Playing Not To Lose

by David W. Welday

March Madness is here!  Whether or not you follow college basketball, it’s hard not to be aware that the NCAA college basketball tournament (affectionately known as “March Madness”) is happening.   

In our family we all fill out a bracket…some of us take it seriously while others fill out their bracket just to be part of the fun.  I don’t know which teams will make the “sweet sixteen”, “final four” or who will eventually win the tournament, but what I can be pretty confident will happen at some point during the tournament, is there will be at least one team who gets knocked out not because the other team was superior but because they beat themselves.  We see it almost every season, one team has a comfortable lead going down the home stretch, and instead of turning on the gas, looking to put the other team away, they tighten up, begin to play more conservatively. They play not to lose.  The other team seizes the opportunity, the momentum of the game shifts and the team that was ahead ultimately loses.   

We can see this play out in other areas – public policy for example.  Decisions are made not to advance our cause, promote democracy or exert influence in the world but rather to appease, not make waves and avoid conflict.     

For sure, there are times when the wise strategy is to focus on defense more than offense – to keep your thoughts to yourself rather than push an issue.  Timing is everything.  But sometimes we need to stick to our guns, lead with conviction and press through a challenge rather than pull back.  There are times when you need to play to win, not just to avoid losing.  How do you know?   Every situation is different.  You may be dealing with a relationship issue, a business issue, a priority issue or something else.  Here are some thoughts to help guide you.   

Convenience or Consequence – If you choose to hold back and not press a point, that will likely be more convenient.  Most people don’t like conflict and pressing your point or pushing an agenda may create conflict.  But what are the consequences if you don’t contend for what you believe is best?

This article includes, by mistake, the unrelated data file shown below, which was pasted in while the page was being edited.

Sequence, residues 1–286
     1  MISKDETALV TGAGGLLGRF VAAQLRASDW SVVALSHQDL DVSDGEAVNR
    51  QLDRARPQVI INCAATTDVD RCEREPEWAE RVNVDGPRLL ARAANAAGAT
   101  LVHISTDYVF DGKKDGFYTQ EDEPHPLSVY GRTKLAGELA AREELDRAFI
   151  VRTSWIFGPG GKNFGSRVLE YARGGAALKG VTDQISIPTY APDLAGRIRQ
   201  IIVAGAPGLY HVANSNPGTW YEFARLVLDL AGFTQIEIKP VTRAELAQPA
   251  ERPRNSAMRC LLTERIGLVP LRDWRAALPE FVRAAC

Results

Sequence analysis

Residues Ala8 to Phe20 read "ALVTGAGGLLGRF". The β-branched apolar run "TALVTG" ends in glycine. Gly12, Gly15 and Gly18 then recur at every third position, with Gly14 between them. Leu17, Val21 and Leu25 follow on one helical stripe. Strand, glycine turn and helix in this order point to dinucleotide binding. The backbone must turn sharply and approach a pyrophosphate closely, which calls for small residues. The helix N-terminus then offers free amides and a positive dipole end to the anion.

Some decisions may not be that important.  Yes, you really think the walls of the new office or family room should be beige instead of grey. But if you surrender to grey, will that impact productivity all that much?  Will the peaceful resolution bring more benefit not just to you but to all involved, than holding out to get your way?     

On the other hand, what if you are convinced the person being considered for hire is not the right person for the job?  Making a bad hire could cost the company untold amounts of money in lower productivity or having to redo work that was done wrong.   

Being Right or Relationship – Maybe your point of view is correct.  You have insight, experience or expertise that causes you to be 100% confident you are right.  But the person you are dealing with is more emotionally fragile and overriding their decision could send them into a tailspin of self-doubt or deprecation.  Sometimes keeping the peace or putting the needs and feelings of others ahead of coming to the “right solution” is a greater win than actually winning your point.  Maybe standing your ground will cause others to think less of you, but the stakes are high enough that you need to play to win and just not save face.   

Yes, we need to be conscious of not pulling back and playing not to lose – SOMETIMES.  And sometimes, the greater win comes from holding back in order to let the other person shine – the other team win, the less-than-ideal solution be the one you go with.   

Pay attention to when you find yourself in those situations where you have to internally decide whether to play for the win – to press your point and when the better strategy is to pull back.  May you make the wise decision every time!   
David W.Welday III is the president of HigherLife Publishing and Marketing in Orlando, Florida.  

Article reprinted with permission

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